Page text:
Working in an industrial setting is arguably one of the most stressful jobs that one can do. A big part of this is repeatedly moving heavy objects from one part of the plant to the other. That takes a toll on the health of human workers while also taking up excessive amounts of work time. Honda is out to fix both of these drawbacks with the unveiling of the third-generation Honda Autonomous Work Vehicle.
Don’t Let it Looks Fool You, This Honda Is Ready For Work
At first glance, it might be easy to write off the HAWV (we’ll use this acronym from now on) as a tinker toy with the front end looking like something you would see on a plastic Playskool creation. However, everything about this machine is all about functionality with this latest version being the third generation of the HAWV. A big change from the second generation version is that payload capacity has increased with Honda claiming the machine can now haul up to 2000 lbs. of stuff with the bed also having the ability to haul up to two pallets.
The bed itself has also been lowered to help improve loading for operators. The HAWV has a top speed of 10 mph and its 18.6 kilowatt-hour battery pack can store enough juice to operate for up to 10 hours before it needs to go drink more electrons.
“We believe the Honda AWV can be a valuable solution to supporting construction teams while also enhancing worksite efficiencies and safety. Leveraging Honda’s decades of experience developing reliable, safe, and clean mobility technology, we aim to address issues such as labor shortages and improved environmental performance,” Jason VanBuren, systems engineering manager at American Honda Motor Co., Inc.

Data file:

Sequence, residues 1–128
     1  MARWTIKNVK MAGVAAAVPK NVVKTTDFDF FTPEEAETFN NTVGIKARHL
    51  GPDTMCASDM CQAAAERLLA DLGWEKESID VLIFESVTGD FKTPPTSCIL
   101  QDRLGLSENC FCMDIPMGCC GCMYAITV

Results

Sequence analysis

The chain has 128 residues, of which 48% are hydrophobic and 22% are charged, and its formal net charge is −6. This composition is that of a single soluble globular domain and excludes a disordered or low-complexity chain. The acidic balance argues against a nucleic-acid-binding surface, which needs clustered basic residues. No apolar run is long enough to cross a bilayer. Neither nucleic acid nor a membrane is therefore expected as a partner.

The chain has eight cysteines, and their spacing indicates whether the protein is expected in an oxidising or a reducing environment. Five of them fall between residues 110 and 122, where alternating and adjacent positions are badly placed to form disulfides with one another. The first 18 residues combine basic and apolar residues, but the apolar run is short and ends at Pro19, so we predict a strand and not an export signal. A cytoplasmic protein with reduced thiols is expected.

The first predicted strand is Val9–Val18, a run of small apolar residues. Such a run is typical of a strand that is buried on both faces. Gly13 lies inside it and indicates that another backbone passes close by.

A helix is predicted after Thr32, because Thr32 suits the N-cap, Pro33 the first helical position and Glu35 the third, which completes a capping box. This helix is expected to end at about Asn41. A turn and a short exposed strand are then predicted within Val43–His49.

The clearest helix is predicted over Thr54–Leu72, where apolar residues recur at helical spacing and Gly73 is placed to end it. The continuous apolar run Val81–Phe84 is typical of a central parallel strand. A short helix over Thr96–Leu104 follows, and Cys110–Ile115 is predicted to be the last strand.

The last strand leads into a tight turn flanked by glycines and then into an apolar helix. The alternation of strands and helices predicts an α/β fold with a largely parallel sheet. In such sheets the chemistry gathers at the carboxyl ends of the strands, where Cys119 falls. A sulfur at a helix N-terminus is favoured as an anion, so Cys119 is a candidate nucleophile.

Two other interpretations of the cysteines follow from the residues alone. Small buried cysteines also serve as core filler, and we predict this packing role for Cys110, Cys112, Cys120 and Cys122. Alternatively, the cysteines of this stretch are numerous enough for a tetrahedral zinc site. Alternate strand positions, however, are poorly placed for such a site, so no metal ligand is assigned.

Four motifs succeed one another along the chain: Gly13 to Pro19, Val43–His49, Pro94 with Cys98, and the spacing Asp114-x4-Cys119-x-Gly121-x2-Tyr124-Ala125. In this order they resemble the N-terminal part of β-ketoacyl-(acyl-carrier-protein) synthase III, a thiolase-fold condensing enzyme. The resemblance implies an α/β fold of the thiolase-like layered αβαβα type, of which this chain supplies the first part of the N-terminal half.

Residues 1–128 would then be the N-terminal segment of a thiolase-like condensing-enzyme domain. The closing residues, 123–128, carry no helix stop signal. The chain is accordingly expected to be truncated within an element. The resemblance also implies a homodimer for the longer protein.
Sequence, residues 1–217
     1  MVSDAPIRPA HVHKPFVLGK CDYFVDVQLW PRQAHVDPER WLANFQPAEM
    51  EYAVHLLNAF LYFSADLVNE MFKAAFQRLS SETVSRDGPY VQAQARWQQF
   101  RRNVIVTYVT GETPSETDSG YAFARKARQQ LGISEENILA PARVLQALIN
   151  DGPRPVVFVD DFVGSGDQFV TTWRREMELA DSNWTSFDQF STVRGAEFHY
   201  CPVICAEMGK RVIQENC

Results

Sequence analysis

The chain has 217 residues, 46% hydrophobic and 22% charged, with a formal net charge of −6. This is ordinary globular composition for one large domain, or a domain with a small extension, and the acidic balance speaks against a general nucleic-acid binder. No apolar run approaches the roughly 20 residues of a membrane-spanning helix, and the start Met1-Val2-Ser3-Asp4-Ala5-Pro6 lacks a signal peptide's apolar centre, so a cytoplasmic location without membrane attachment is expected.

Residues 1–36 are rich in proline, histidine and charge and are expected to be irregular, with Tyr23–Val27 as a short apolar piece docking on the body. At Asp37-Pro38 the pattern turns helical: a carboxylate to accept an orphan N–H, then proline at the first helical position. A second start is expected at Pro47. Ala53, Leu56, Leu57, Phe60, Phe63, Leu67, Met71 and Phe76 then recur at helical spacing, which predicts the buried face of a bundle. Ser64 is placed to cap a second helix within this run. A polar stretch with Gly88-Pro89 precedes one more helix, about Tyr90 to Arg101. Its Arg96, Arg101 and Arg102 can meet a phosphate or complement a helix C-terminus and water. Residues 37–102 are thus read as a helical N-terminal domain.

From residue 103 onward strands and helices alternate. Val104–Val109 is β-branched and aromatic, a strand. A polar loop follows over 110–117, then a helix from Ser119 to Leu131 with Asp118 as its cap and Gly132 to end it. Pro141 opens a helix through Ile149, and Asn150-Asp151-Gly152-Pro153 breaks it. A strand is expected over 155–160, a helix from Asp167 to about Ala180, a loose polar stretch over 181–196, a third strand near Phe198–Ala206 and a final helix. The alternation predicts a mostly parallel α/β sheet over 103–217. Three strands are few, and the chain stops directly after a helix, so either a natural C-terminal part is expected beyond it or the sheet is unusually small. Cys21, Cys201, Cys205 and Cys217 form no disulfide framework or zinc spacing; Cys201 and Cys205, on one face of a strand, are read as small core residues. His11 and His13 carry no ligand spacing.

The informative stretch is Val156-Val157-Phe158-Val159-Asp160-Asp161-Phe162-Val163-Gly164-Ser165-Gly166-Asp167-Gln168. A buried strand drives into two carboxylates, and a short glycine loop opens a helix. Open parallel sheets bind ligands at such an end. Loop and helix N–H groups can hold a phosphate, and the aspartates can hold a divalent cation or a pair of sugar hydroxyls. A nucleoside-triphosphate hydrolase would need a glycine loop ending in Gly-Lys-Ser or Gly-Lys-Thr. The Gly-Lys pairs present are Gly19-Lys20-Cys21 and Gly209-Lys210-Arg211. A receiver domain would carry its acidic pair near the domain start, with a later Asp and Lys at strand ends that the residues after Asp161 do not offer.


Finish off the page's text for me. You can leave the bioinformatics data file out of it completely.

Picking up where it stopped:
While the HAWV might seem perfectly at home in a warehouse or factory, Honda reps claim that it can also perform certain duties at a construction site with the little vehicle being programmed to deliver its cargo to a particular location at the site. Having the HAWV do it will allow some of the human workers to do other tasks which in turn would help enhance productivity while also potentially reducing the amount of time needed to complete a project.
When Will I See One?
For now, Honda is looking for businesses that are interested in testing the HAWV in the real world. However, if the machine does well in its initial tests, look for Honda to perhaps pursue the idea even further and perhaps make production models that would be targeted towards certain commercial customers.
Carl Malek has been an automotive journalist for over 10 years. First starting out as a freelance photographer before making the transition to writing during college, his work has appeared on numerous automotive forums as well as websites such as Autoshopper.com.
Carl is also a big fan of British vehicles with the bulk of his devotion going to the Morgan Motor Company as well as offerings from Lotus, MG, and Caterham. When he is not writing about automobiles, Carl enjoys spending time with his family and friends in the Metro Detroit area, as well as spending time with his adorable pets.